Learn.Genetics from the Genetic Science Learning Center at the University of Utah : http://learn.genetics.utah.edu/

Learn.Genetics from the Genetic Science Learning Center at the University of Utah


Gary E. Kaiser
The Community College of Baltimore
County Catonsville, Maryland, E-mail:
gkaiser@ccbcmd.edu .

This website from the Genetic Science Learning Center at the University of Utah contains a massive amount of information on genetics. After a “Tour of Basics” covering a simplistic summary of information about DNA, genes, chromosomes, proteins, etc., there are detailed explorations of transcription and translation, heredity and traits, and cells. Each topic page has links to other topic pages for review and for further information. There are also four virtual labs: DNA extraction, gel electrophoresis, PCR, and DNA microarrays. In addition to basic genetics, the site also has some segments on topics such as epigenetics, the science of addiction, genetic disorders, and pharmacogenomics. There are also useful links to other Internet sites, including one linking to a list of videos and images of actual cells.

A nice feature is that each of the major topic areas contains a number of interactive exercises. The exercise on “DNA to Protein” is especially well done, allowing the user to transcribe and translate a gene by typing in the correct bases for complementary base pairing of the RNA nucleotides with their complementary bases on the DNA; the program makes corrections if mistakes are made. You then locate the start codon in the mRNA sequence and drag the correct amino acid over to each codon from the universal genetic code illustration as the protein elongates. You can also build a DNA molecule by dragging the correct deoxyribonucleotide to its complementary base of the replicating DNA molecule, as well as make a karyotype by dragging a photograph of a chromosome from a pool to its matching partner. There is also a nice interactive “Cell Size and Scale” animation starting with a coffee bean and going all the way down to a carbon atom.

Another useful feature is the “Learn More” links under each topic, including “Prions: On the trail of killer proteins;” “Telomeres;” “How do scientists read chromosomes;” “Directing traffic: How vesicles transport cargo;” and “When cell communication goes wrong.”

Several topics have print activities that could be used in a classroom. For example, in the one entitled “Traits Trivia,” cards showing pictures of individual genetic traits such as cleft chin, freckles, or attached earlobes, are cut out. Students stand in a group and are shown the cards one at a time. Students not shaving the trait sit down while those with the trait remain standing until only one person with a unique set of genetic traits is left standing.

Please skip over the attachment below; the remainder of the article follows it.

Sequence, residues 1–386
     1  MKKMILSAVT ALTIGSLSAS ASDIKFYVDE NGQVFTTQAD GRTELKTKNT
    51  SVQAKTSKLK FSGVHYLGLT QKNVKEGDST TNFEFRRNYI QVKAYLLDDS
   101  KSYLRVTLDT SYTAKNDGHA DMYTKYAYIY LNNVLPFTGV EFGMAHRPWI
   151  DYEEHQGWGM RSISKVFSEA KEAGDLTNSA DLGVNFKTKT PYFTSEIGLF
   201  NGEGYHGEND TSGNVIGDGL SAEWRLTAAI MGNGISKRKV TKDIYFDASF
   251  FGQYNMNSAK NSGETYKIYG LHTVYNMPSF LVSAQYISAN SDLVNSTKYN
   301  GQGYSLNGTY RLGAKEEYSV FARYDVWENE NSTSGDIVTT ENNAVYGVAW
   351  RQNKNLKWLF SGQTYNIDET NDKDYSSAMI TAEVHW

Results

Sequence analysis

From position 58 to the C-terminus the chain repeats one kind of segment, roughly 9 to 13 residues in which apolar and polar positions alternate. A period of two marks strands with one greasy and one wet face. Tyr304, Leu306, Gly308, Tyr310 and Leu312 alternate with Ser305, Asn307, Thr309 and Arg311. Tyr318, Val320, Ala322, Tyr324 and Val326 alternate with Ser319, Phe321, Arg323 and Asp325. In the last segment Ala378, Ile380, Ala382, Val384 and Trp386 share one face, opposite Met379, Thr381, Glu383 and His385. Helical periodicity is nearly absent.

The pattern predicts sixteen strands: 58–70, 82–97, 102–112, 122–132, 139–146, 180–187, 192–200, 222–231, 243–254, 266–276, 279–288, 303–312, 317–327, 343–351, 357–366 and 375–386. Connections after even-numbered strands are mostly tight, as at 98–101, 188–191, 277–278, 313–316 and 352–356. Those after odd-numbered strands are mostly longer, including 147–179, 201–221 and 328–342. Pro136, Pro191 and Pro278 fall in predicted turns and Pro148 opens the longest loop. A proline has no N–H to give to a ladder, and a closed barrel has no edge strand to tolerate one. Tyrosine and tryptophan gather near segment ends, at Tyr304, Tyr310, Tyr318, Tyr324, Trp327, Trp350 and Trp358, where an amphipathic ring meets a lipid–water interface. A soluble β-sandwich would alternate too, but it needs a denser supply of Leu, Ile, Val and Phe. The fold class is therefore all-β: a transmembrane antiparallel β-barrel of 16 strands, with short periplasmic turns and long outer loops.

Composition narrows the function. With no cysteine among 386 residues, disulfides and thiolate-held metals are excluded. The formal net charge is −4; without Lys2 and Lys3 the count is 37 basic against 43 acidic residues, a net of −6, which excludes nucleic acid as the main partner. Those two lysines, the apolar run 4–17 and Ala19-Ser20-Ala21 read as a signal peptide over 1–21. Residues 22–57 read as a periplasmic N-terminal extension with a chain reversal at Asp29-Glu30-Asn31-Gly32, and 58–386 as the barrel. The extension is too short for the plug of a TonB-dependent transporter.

There are a few minor concerns. There are so many links on each page that a student using the site may feel overwhelmed. If a teacher assigned certain specific segments, this could be easily overcome. The end of each animation under “The Basics” has a “Next” button that takes you back to the beginning of that animation, which can be a little confusing. The “DNA Extraction” virtual lab shows the micropipette with new and used tips being laid down on the lab benchtop and, after going through the interactive tutorial on DNA extraction, when you click on the “Try it Yourself” link, it basically takes you through the tutorial again. While repetition is good, it might be useful to have a student try the virtual DNA extraction without being told step-by-step what to do exactly as in the tutorial. With the “Gel Electrophoresis” virtual lab, I could not drag the black and red cords of the electrophoresis chamber to plug into the power supply and, as a result, was unable to proceed forward in the tutorial. And finally, while some viewers will find all the sound effects included in the virtual gel electrophoresis and DNA microarray labs cute, I personally found them much overused and annoying after awhile.

Other than these few minor points, I found this site to contain a wealth of genetic information, nicely done animations, and some quite useful interactive activities. This site would be of value to both high school and college instructors when teaching a genetics component of their courses.

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DOI: 10.1128/jmbe.v11i1.143
Journal of Microbiology & Biology Education , May 2010
Copyright © 2010 American Society for Microbiology . All Rights Reserved

Creative Commons License
This work is licensed under a Creative Commons Attribution-NonCommercial-NoDerivatives 4.0 International License.

ISSN: 1935-7885

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